Beyonce Flawless

By now you’ve heard all about Beyoncé’s record-breaking, self-titled album and what it means to black women, black women feminists, and feminists as a whole.

While many have taken to their social media accounts to beat the “Bey is a feminist!” drum (myself included), others have taken a different view, choosing to withhold the title of “feminist” from a woman who seems happy to twerk for her husband, and the public at large, while he spits lyrics that hint at the possibility of an ass whooping, Anna Mae.

I get it. The stealth album drop. Breaking the Internet. The brilliant Chimananda Ngozie Adichi clip. The body rolls. The jizz on ball gowns. It all seems like a schizophrenic ode to excess, sex, patriarchy, love, freedom, and yes, even feminism.

And while you will find 1,980,000 results if you Google Beyoncé + Feminism (seriously) that stake claims on every side of the debate imaginable, I’m just downright tired of talking about.

I’ll admit. I went on my own “isn’t feminism about choice???” rant on Twitter over the weekend, dedicating several tweets not just to Beyoncé’s right to call herself a feminist, but also to the movement that continually tries to define itself by excluding those who don’t fit within its narrow boundaries.

As a self-identified feminist, I often talk about why so many of my sisters do not and will not identify with feminism because they feel it does not speak to the issues of black and brown women. Whenever I bring up feminism or being feminist, inevitably I hear, “That’s white people’s sh*t.”

And when you add on respectability politics, and the fact that black women who speak openly about sex and their sexuality are often viewed as shameless whores who are disgracing themselves and the race, ish gets really real.

So I get it.

Beyonce coming out as a feminist, or even mentioning feminism in a very explicit way, on an album that changed the music industry is a big damn deal. And people want to talk about it.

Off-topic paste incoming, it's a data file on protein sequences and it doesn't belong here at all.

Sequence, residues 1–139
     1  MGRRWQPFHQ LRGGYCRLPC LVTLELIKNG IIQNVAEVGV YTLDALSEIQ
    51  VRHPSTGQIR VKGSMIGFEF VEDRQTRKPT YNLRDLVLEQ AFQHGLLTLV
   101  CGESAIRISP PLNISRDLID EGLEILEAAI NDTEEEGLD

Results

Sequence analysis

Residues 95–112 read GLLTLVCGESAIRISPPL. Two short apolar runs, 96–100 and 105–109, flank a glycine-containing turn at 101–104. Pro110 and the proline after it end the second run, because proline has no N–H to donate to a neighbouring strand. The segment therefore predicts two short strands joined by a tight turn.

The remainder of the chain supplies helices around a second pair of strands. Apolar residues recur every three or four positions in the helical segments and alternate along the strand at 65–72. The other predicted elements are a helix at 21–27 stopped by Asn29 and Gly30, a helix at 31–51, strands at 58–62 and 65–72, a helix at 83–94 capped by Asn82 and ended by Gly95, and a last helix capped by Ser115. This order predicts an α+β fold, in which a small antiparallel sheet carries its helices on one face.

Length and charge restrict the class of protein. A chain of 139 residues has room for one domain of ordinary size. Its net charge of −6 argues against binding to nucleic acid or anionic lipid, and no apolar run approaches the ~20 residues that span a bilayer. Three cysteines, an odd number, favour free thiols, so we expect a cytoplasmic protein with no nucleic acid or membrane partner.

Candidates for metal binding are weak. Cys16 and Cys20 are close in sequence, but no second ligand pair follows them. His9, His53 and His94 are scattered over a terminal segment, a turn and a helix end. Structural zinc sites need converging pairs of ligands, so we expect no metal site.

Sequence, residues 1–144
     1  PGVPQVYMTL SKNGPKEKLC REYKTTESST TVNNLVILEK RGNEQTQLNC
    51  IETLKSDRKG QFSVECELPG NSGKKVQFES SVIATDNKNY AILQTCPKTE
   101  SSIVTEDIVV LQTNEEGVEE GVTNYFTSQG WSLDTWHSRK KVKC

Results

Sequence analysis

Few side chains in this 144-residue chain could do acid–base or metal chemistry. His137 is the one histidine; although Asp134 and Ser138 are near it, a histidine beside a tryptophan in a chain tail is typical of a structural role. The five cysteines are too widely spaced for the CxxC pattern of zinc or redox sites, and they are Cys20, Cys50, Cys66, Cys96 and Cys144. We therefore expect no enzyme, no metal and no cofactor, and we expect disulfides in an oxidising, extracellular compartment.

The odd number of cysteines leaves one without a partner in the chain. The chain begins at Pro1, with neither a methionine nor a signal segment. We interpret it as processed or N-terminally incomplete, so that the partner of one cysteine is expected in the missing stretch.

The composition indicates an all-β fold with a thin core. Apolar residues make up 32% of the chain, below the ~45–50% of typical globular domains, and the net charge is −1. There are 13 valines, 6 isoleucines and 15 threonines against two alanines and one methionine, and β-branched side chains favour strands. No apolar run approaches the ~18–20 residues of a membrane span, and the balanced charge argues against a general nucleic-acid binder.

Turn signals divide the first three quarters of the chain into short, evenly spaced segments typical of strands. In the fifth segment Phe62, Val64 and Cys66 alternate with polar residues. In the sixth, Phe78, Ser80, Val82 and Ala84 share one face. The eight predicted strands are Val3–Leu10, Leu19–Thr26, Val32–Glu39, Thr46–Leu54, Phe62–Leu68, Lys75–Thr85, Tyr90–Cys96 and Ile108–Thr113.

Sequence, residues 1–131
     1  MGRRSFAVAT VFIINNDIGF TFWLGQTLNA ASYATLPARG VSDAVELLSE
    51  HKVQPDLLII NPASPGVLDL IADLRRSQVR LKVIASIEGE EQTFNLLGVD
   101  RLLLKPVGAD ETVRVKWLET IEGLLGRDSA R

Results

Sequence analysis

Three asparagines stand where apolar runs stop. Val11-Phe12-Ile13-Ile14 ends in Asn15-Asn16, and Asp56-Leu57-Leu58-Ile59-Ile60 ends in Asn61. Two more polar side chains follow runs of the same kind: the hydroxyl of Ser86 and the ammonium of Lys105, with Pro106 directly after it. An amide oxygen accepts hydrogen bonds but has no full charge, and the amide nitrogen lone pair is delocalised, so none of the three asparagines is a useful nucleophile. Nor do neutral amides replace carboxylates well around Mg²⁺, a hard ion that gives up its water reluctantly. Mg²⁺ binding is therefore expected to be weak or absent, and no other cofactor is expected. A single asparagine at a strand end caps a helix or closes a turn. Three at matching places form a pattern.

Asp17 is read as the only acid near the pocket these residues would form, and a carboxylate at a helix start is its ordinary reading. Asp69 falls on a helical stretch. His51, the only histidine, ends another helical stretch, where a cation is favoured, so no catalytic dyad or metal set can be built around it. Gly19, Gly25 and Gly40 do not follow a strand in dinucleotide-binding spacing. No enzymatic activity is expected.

But for how long?

Brittney Cooper, writing for Salon, attempts to explain why Beyoncé’s foray into feminism has caused such a stir:

Beyoncé means a lot to us. She triggers a lot for us: about desire and beauty and skin color politics and access and being chosen and being the cool kid. Because representations of black female subjectivity are so paltry in pop culture, the mainstream doesn’t know that we struggle with this kinda shit, too. Nerdy girls resent the popular pretty girls. We grow up to become feminists who are beautiful in our own right, to critique patriarchy and challenge desire. And we have a sort of smugness that says, the pretty girl who gets the guy can have all that, but she can’t be radical. That Beyoncé would even want to means she has stepped out of her lane, and lanes matter greatly.

Whitney Teal takes it a step further in her piece for XOJane, writing:

Ultimately, what makes “Beyoncé” so important isn’t necessarily what she’s saying—that she is sexual and loving and super-successful and you bitches better deal—because that’s been said before (Janet Jackson’s similarly freaky-deaky self-titled album, for one), but rather that it’s Beyoncé, of all people, saying it. A woman who never takes credit for her success, who looks blankly while being insulted, who created a whole other alter ego just a few years ago so that she could sing about popping her pussy without ridicule.

… “Beyoncé” is the most feminist piece of mainstream art I’ve consumed this year and maybe ever…It’s women’s empowerment for a group that doesn’t get a lot of it in media and needs it more. It’s feminism for women who are taught that patriarchy will get you to heaven. It’s feminism for women who don’t care to rhapsodize about whatever mainstream feminism’s issue of the day happens to be because they’ve got their own, separate issues. It’s the feminism of lived experience.

I understand we live in a new, hypercritical world where every move a pop star or politician or celebrity makes is scrutinized and written about ad nauseam, but is this a good thing? Or are we merely just listening to our own voices and actually damaging the relationships between communities—feminists and non-feminists, black women and white women, feminist of color and white feminists—that we need to be strengthening?

At what point do we just sit back and enjoy the album—or not—without trying to philosophize and dissect about what it all REALLY means?

Hopefully we’ll reach that point soon, so I can go back to focusing on how to perfect Bey’s twang when she sings, “EYE been drankin…EYE been thanking…” cuz, yeah…I need get that together. 

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